The plot thickens, the noose tightens, and when it comes to Yahoo and Microsoft, the "Little Merger That Couldn't," shareholders this morning, trying to climb this hill, are probably saying "I think 'I-cahn, I think 'I-cahn.'"
Today's the day. Well sort of. Bill Gates will retire from Microsoft, kind of. He's leaving the day-to-day responsibilities to others. But not really.
Gates and Ballmer started with a trip down memory lane, talking about one of the tech industry's most enduring and successful relationships, stretching back 28 years. And it was an opportunity Ballmer almost missed out, thanks to the subtle recruitment strategy by Gates.
I've gotten ahold of Microsoft CEO Steve Ballmer's internal memo he emailed to the troops this morning about his plans to spend $45 billion in a hostile bid for struggling search stalwart Yahoo. (Thanks for sending. You know who you are!)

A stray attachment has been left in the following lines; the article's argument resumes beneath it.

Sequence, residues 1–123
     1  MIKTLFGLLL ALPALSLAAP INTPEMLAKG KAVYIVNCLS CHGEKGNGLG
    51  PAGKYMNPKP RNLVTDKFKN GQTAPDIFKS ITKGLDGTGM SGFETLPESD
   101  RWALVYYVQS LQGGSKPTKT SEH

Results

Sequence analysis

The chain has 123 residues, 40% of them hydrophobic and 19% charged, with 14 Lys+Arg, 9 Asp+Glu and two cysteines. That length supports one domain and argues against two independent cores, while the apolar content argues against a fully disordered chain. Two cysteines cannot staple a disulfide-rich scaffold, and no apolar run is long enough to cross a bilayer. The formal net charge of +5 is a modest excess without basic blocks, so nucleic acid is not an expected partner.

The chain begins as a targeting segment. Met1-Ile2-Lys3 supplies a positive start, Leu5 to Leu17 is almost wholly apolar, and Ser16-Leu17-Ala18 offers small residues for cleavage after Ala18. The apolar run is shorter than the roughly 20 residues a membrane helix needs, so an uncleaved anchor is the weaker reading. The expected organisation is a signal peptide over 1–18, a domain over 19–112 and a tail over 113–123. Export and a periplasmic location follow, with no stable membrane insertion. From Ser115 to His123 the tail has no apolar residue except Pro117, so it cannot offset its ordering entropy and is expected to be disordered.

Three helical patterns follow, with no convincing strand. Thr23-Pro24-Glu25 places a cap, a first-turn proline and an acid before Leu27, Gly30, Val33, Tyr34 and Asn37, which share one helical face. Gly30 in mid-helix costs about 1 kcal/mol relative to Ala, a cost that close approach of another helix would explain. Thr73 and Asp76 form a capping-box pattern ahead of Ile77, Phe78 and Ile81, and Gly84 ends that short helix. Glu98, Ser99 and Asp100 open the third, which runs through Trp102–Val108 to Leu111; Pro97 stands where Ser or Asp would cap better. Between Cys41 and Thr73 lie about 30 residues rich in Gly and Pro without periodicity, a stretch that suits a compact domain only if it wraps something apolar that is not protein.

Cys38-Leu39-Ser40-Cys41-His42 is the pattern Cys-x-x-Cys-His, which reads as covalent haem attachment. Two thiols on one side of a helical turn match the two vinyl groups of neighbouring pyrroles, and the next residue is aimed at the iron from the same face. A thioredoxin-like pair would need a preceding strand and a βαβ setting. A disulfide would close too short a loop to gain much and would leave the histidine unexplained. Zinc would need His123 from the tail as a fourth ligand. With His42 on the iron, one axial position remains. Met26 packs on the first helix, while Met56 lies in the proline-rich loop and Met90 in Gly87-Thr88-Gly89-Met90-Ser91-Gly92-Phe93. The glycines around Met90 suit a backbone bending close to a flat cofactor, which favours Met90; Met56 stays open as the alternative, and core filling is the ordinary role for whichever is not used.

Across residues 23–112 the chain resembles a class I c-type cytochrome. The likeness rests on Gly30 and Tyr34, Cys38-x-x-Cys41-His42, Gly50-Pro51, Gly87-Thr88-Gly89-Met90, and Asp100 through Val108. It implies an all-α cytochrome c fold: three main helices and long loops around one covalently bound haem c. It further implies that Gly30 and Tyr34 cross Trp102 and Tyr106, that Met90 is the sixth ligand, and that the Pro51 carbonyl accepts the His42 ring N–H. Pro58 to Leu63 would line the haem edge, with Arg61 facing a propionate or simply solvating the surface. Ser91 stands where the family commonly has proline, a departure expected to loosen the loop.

All you can say is 'wow!' Not in an Apple or Google kind of way, but 'wow,' nonetheless.Microsoft beats the Street by 3 cents a share, coming in with 49 cents instead of the 46 cents that analysts were looking for. That's a staggering 72% year-over-year EPS jump. Topline growth also soared past expectations. Microsoft reported $14.4 billion in revenue versus the $13.89 billion analysts expected.
Microsoft said on Monday that it sold more than 20 million Windows Vista licenses in the first month since the operating system's general debut on Jan. 30.
Ballmer spoke at Rockefeller Center in New York to discuss a joint venture between Microsoft and Nortel under which the companies are introducing a raft of products and services aimed at delivering business communications over software and Internet networks.